BBC: Mobile carriers won't be able to keep up with demand for data
The Deloitte report cited Apple iPhone, Android and Windows Phone (pictured) users as responsible for the traffic jam on data networks
Apple iPhone, Android and Windows Phone users consume 35 times more data than users of typical phones according to the report, although we're not quite sure what handsets Deloitte considers "typical." By 2016, wireless traffic will grow by 50 times. This will lead to "rush hours" with congested mobile pipelines for smartphone users. Luckily, some governments saw this bottleneck coming and sold off spectrum to keep the data flowing. But some governments put restrictions on the spectrum they auctioned off, requiring that carriers use all or part of it to serve rural areas where getting a cellphone signal is hard to do. More efficient 4G networks will ease some of the pressure on the carriers. Besides that, there seems to be no immediate answer to the problems that carriers might face in the not too distant future.
source: Deloitte via BBC via textually.org
1. Mozarrt (Posts: 294; Member since: 08 Oct 2011)
The Government should support the wireless carriers building infrastructure to support the continuing growth of demand for mobile data.
Income from the sales of the 4G Frequencies should be used to subsidize the efforts needed to continue to have a good and trustworthy network.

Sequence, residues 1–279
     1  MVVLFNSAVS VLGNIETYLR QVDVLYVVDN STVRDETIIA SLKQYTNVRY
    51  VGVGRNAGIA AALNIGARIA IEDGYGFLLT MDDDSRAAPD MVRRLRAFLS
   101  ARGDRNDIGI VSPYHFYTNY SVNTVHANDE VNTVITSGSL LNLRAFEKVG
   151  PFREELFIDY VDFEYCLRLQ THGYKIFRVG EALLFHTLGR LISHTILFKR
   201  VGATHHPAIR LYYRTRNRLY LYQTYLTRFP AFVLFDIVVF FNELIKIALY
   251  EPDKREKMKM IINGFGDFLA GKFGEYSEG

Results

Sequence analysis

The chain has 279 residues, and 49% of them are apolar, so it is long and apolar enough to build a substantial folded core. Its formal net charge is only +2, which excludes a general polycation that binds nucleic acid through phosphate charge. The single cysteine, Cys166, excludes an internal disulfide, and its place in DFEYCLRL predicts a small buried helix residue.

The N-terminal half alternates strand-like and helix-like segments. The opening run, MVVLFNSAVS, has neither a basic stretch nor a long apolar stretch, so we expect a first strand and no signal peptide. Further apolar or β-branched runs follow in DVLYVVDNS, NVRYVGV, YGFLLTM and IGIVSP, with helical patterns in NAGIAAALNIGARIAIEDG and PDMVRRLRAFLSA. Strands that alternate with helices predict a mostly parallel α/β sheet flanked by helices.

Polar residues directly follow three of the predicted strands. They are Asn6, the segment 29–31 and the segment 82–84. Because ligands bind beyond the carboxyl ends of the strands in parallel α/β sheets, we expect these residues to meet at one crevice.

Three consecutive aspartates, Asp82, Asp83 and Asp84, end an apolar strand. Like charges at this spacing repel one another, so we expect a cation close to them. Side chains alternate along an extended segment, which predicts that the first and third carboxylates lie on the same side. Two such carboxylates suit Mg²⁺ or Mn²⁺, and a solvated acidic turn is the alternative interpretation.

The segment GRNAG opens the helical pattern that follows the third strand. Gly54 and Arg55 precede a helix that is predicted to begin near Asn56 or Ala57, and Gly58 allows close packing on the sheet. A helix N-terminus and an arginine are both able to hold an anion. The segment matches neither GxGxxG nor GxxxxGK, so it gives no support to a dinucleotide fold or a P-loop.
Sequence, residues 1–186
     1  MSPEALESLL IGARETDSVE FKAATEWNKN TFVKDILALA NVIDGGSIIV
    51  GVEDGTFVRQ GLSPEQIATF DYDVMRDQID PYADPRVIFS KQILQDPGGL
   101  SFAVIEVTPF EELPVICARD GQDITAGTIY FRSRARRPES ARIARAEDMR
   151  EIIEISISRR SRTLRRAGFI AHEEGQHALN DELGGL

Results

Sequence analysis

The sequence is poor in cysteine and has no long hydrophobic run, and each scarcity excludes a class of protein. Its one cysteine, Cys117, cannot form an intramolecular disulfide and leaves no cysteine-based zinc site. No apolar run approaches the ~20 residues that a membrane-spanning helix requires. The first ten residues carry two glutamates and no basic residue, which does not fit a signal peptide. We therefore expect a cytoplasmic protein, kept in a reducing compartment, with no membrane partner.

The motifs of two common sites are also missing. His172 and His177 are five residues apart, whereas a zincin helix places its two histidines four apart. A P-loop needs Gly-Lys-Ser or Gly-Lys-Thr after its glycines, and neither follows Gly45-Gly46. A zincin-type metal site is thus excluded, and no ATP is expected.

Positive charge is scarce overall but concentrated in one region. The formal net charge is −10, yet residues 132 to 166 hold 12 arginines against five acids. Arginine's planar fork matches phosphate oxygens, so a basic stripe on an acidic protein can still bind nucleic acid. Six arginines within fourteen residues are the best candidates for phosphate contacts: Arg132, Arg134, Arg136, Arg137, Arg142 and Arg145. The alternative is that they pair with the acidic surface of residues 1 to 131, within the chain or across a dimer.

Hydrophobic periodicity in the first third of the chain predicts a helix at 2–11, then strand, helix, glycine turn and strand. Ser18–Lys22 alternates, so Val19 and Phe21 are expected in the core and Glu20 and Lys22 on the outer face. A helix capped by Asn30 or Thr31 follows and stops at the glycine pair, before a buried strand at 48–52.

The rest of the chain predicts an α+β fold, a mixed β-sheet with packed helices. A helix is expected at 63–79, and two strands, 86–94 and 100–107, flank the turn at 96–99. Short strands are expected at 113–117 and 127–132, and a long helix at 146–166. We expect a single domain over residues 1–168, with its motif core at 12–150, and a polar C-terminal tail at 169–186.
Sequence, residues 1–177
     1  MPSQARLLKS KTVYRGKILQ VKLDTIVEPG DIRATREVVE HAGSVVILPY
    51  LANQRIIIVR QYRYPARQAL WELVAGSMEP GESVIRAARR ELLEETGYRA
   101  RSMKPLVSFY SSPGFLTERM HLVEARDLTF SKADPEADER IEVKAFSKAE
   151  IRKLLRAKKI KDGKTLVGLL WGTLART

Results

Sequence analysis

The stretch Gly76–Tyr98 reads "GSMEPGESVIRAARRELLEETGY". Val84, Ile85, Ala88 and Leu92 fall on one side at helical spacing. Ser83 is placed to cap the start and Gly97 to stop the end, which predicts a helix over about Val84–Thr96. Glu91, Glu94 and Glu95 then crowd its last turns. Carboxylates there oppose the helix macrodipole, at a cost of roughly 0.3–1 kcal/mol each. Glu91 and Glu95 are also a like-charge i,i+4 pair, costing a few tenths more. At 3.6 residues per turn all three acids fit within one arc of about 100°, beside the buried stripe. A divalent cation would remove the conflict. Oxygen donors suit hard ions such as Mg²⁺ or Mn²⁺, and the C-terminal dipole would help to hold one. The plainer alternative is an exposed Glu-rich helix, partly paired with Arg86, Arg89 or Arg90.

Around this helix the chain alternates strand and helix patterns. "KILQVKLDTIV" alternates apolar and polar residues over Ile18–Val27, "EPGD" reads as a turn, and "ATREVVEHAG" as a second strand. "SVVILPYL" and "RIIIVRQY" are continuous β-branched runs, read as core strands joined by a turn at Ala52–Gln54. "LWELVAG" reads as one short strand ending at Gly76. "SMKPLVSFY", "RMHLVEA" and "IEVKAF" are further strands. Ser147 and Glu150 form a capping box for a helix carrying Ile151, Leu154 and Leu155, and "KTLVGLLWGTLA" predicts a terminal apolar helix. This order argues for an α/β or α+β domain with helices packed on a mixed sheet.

2. metalpoet (unregistered)
"Apple iPhone, Android and Windows Phone users consume 35 times more data than users of typical phones" No freaking SH*t!!!!
Its the reason why people switch from basic dinosaur phones to smart phones......TO SURF THE WEB CAPTAIN OBVIOUS!!!!
Everything will eventually go to mobile! Personal computers wont exist in the future, it''ll all be cellphones/tablets.
3. aikonix (Posts: 59; Member since: 08 Apr 2012)
There making it sound like its a problem..... There is no problem here, just people being greedy.. People using up bandwidth is what slows the internet down, not how much you use. If this so called data is being all used up, why haven't Landline internet's experienced the same thing? And why are landline internets getting faster all the time if all this data is being used up...? Again, people being greedy stating that it cost "$X.XX per megabyte!" No it doesn't. It doesnt cost anything to move a megabyte from 1 state to another. We need to get away from tier'd packages and open up bandwidth, because even landlines are seeing that its a moneymaker to lie to the media and get away with it.